British man who fought ISIS convicted of terror charge

Aidan James attended a training camp in Iraq while the banned PKK was in the area

People pass a giant banner with a portrait of jailed leader of the Kurdistan Workers' Party, or PKK, Abdullah Ocalan, center, with other portraits of killed Kurdish fighters, set at the border crossing between Iraq and Syria's Kurdish-held, in Semelka, northeast Syria, Monday Oct. 14, 2019. (AP Photo/Hussein Malla)
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A UK man who fought alongside Kurdish forces in Syria against ISIS has been convicted of attending a terrorism training camp, the first trial of its kind.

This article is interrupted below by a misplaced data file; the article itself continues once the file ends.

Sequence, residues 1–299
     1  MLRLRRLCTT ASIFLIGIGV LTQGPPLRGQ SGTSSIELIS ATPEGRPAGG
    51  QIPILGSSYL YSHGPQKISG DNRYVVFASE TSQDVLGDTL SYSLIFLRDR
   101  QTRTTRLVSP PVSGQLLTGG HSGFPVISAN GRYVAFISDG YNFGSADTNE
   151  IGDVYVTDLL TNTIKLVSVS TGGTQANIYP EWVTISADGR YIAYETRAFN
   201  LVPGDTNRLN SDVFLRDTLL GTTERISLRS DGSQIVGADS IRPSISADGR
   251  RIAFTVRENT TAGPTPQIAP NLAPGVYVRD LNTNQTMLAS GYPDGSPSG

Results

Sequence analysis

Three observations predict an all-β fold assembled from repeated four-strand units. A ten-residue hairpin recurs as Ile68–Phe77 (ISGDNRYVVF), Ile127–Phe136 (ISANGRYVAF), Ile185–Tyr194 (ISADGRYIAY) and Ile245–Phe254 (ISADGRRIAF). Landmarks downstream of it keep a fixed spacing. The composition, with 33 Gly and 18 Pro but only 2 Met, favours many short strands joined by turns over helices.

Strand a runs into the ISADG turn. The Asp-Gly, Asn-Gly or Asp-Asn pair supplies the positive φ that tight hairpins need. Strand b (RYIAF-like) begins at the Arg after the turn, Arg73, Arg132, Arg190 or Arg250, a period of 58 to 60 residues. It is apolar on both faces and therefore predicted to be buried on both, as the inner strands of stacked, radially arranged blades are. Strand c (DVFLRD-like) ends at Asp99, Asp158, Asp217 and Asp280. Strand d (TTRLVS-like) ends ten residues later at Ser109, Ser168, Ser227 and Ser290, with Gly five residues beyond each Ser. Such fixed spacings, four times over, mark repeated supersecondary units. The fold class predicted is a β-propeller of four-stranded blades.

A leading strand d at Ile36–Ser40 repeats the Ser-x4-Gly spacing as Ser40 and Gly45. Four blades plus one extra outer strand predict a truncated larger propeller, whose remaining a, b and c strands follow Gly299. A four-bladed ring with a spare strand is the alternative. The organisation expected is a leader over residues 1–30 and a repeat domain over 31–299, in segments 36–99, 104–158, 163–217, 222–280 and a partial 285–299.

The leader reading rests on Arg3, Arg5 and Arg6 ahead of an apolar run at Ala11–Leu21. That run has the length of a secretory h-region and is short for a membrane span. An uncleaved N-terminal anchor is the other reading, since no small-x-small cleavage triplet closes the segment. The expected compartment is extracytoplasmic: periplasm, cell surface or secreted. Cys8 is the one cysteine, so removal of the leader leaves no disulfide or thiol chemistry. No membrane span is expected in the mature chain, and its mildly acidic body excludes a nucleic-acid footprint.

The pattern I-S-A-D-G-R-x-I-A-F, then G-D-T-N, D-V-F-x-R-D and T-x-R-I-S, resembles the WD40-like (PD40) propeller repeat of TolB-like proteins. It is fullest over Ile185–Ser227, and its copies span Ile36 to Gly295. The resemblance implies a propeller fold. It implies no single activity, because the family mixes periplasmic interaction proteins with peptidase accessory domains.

Aidan James, 28, was found guilty of receiving training in Iraq in a camp where the PKK, proscribed by the UK, was active.

He joined the Kurdish YPG, which is not regarded by the UK has a terror group but does have close links to the PKK, in 2017 to fight against ISIS despite having no military experience.

He was cleared of attending a terror training camp in Syria.

James, from Merseyside, northern England, was one of hundreds of foreign volunteers who flocked to Syria to join the fight against ISIS.

Mr Justice Edis said: "I regard this as a highly unusual terrorist case". He added James’ contact with the PKK was “quite fleeting” and that his “ultimate destination was elsewhere”.

He will be sentenced on November 7.